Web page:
Walker to hold final open house for master plan


The final of four open house events to guide the formation of Walker’s 2040 Master Plan is scheduled for this week.

The northwest corner of Walker covers roughly 10 square miles, stretching from Bristol Avenue and Pannell Street on the east end to Kenowa Avenue/Ottawa County on the west end, and from Four Mile Road on the north end to Leonard Street on the south end.

One focus area within northwest Walker extends southeast to northwest along and adjacent to Remembrance Road, following the path of the interurban rail line — the original “Laker Line” — that once connected Grand Rapids to Muskegon and ceased operation in 1928. The points where Remembrance Road intersects with Leonard Street and Wilson Avenue function as gateways into the broader Walker community. 

“We’ve been talking about this since 2013,” Walker Mayor Gary Carey said. “What we’re trying to figure out is since the D&W Fresh Market closed there, is this what we want this to look like? How do we keep that family-friendly corridor there?”

Family friendliness has been a pervasive focal point, not just in northwest Walker, but in past neighborhood meetings, Carey said. Walkability and connectability to local businesses are an aspect of community growth important to Walker residents.

Carey referenced Sobie Meats, Walker Roadhouse and Double Dip Depot Ice Cream, all along Remembrance Drive, as businesses that have high levels of foot and bike traffic.

Along Remembrance Road, small shops and manufacturers maintain a presence alongside longstanding neighborhoods. These neighborhoods tie into a broader fabric of Walker’s residential character. Nearly half of Walker’s residential subdivisions and condominium developments — 94 and counting — are in the northwest Walker neighborhood cluster.

These neighborhoods interact increasingly with a different side of northwest Walker, which extends east to west along Interstate 96 and 3 Mile Road. Most of this area is marked by existing manufacturing and planned industrial growth.

The planning process will be a forum for addressing the growth of, and relationship between, these areas. One challenge will be to address the friction between what has historically been viewed as incompatible land uses, such as home sites and manufacturing areas.

Other challenges will be transportation-related: continuing to develop an interconnected street network, removing points of traffic conflict on major roads including M-11/Wilson Avenue, building transportation safety improvements, dispersing traffic effectively throughout the area, connections to The Rapid and fostering usage of the area’s cycling network, including the Fred Meijer Pioneer Trail.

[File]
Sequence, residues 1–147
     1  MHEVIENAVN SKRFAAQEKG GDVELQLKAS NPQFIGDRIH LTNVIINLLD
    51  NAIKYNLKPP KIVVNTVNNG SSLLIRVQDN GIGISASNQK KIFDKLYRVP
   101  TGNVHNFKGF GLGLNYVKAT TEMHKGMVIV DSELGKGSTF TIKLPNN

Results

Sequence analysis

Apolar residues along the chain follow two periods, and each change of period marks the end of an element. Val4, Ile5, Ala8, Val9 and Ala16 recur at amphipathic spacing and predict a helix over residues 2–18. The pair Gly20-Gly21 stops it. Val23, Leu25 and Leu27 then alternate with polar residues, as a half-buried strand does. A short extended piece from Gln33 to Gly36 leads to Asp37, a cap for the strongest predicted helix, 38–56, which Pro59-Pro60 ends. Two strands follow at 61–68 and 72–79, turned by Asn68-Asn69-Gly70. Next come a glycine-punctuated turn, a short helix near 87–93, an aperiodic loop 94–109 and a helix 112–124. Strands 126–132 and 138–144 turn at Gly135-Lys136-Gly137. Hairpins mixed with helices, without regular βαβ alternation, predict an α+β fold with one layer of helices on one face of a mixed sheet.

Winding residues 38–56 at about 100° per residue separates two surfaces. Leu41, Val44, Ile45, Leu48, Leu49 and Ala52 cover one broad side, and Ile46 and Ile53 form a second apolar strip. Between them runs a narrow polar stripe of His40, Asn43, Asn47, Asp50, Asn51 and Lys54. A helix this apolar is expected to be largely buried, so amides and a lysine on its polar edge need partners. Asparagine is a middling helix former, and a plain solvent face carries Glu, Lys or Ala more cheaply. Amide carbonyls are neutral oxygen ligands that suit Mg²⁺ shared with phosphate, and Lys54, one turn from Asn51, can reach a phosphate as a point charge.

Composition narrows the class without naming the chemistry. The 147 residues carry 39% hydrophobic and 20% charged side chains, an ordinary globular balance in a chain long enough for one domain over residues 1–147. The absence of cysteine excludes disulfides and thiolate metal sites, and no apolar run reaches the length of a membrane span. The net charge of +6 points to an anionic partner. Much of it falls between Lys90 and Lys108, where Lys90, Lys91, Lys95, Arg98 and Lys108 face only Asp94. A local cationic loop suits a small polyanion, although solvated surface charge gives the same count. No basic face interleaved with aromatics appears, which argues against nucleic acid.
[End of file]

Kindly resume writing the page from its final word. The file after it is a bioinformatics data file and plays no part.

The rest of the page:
City planners are inviting the Walker community to share their thoughts on these and other opportunities and challenges in the northwest Walker neighborhood at their open house from 5-7 p.m. Sept. 18 at the Walker City Hall Commission Chambers, 4243 Remembrance Road NW.

Community members are invited to participate for as much of the meeting as they would like. The open house will involve several activities that attendees can participate in at their own pace.

“The other theme we seem to hear is there’s always fear around, ‘What does growth mean?’” Carey said. “We make a point to emphasize this is controlled growth. We know where we are. We know where want to go, and we want to refine this process.”

Carey also said new developments in Standale are presenting new hurdles for city staff to overcome. Blain’s Farm & Fleet, which previous Business Journal reports noted has taken a heightened interest in West Michigan, plans to open a 106,000-square-foot store south of Meijer in the Standale community.

Southbound on Wilson Avenue leads to a cutout into a cornfield, which will serve as the driveway for Blain’s, but the challenge involves widening Wilson, which is an MDOT highway, to accommodate the increased traffic from business.

“MDOT has been very involved with us as of late in looking at potential solutions and the growth impact of that Standale and south Walker area,” Carey said. “They’re very invested in the long-term sustainability of that area.”

Additionally, Walker hopes to welcome Chick-fil-A to the corner of Wilson and Lake Michigan Drive, which will inevitably increase traffic, as well.

“This is to me a true definition of playing chess not checkers,” Carey said. “We have to be thinking one, three, five, 20 years from now. Once this growth really starts to rapidly move forward, we have to have our plans ready to go.”

The northwest Walker open house will conclude the series of four open houses held as part of a broader public input process for the Walker 2040 Master Plan, which is an update of the city’s 1998 plan.

The 1998 plan, which has been updated with neighborhood-level planning efforts, has guided development for over 20 years.

McKenna Associates is managing the Walker 2040 Master Plan out of its office in downtown Grand Rapids.

Grand Rapids-based Prein & Newhof also will be providing consulting services for the master plan, specifically in the areas of infrastructure and engineering.

Previously, the public was invited to open houses for Alpine Avenue, south Walker and Standale. The full 2040 Master Plan likely will be ready for final review and approval by spring 2020.

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